Sketching in time

Saturday, August 22nd, 2009 | Design process, General, Navimation examples

“Since they need to be able to capture the essence of design concepts around transitions, dynamics, fell, phrasing, and all the other unique attributes of interactive systems, sketches of interaction must necessarily be distinct from (traditional) types of sketches…” Bill Buxton: Sketching User Experiences

This week I have been involved in teaching a group of interaction design students at the Design for interactive and social media course at AHO. The topic has been ‘Sketching with time’, and has focused on using stop motion combined with paper prototyping to sketch interface ideas. The week’s assignment was to make a photo album interface and experiment with navimation.

Before introducing the students to the technique I had to try it out myself. I found the Mac application FrameByFrame which has been brilliant for this purpose. The functionality of the software is limited, but it is free, extremely simple to use, and serves the purpose for quick motion sketching.

Here are two of the quick stop motion sketches I made:

I also tried using video, recording my actions in real time:

The video quality is quite rough (partly because I am using a really old DV camera), but I don’t see this as a big problem. The technique is primarily to be used for quick sketches early in the design process.

Video Sketching

The students got three days to make their video sketches. During these days many of the students managed to do a lot of experimentation and test out different ideas. The task was in many ways an experiment from our side, so I was positively surprised by the diversity and quality of their work. I also got the impression that they had learned a lot about timing, response and communication in the interface.

The technique has clearly some disadvantages – it is for example hard to make subtle movements and deal with details and many elements at the same time. However, it seems especially suited for 3D motion sketching, since this often requires a lot of time and skills to do on a computer.

UPDATE: see some of the videos the students made.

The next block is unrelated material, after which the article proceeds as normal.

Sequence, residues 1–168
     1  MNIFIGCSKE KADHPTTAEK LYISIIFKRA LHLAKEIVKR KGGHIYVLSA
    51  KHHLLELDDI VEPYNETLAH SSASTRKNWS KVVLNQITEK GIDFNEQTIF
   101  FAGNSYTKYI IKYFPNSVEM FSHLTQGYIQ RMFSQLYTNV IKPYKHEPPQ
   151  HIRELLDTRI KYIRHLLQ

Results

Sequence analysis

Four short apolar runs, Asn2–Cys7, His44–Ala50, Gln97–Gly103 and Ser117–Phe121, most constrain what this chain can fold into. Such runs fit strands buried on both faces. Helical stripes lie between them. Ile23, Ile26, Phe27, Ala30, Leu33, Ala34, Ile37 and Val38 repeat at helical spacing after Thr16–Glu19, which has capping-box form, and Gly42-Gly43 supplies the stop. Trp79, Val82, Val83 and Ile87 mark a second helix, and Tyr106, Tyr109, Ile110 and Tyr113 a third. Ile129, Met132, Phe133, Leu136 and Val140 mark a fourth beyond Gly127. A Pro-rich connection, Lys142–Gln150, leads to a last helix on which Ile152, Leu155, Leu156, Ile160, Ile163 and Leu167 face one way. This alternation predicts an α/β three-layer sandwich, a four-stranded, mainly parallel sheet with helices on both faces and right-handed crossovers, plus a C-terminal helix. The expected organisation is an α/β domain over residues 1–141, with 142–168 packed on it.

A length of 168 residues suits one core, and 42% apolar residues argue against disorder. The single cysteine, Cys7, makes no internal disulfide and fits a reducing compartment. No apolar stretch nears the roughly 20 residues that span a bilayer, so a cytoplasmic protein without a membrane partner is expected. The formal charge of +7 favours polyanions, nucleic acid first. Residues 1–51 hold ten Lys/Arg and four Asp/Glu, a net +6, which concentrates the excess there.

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3 Comments to Sketching in time

[…] task to the students I tested the technique myself using the free Mac software FrameByFrame (see earlier blogpost). This is the first time we have instructed students to use stop motion, so the project was partly […]

Joerg
May 23, 2010

Yesterday I started to use stop motion-sketching for one of my projects, inspired by your blog :)
I’ve read Bill Buxton’s “Sketching User Experiences” some time ago and found it to be very interesting and full of inputs for my work (I’m working in the user experience-team in a telecommunications company in Austria).

One question: I’m doing lots of sketching in Omnigraffle (very rough sketch-style wireframes). For some projects I’d like to use these wireframes directly for stop motion and skip the drawing part. Do you know programs that allow importing images in order to create stop motion movies?

Thank you again for your very interesting and inspiring blog!

Jon Olav
May 23, 2010

Hi Jörg, great to hear from you.
If you simply want to put several image into a movie, there are lots of programs that can help you. If you only have a few images you can even use Power Point or Keynote. If you have lots of images you could use movie editing software, such as iMovie, Final Cut Pro, or Adobe Premiere Pro. Animation software like After Effects or Flash also works well. Otherwise, you can copy and paste graphics from OmniGraffle right into Keynote and animate the elements individually without making images first.

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I am a Norwegian interaction designer and design researcher, currently working in Oslo. This blog reports on topics related to my design research on interface design, navimation, and data visualization. About me.

Navimation is a concept denoting the combination of navigation and visual motion in screen-based interfaces. About navimation.

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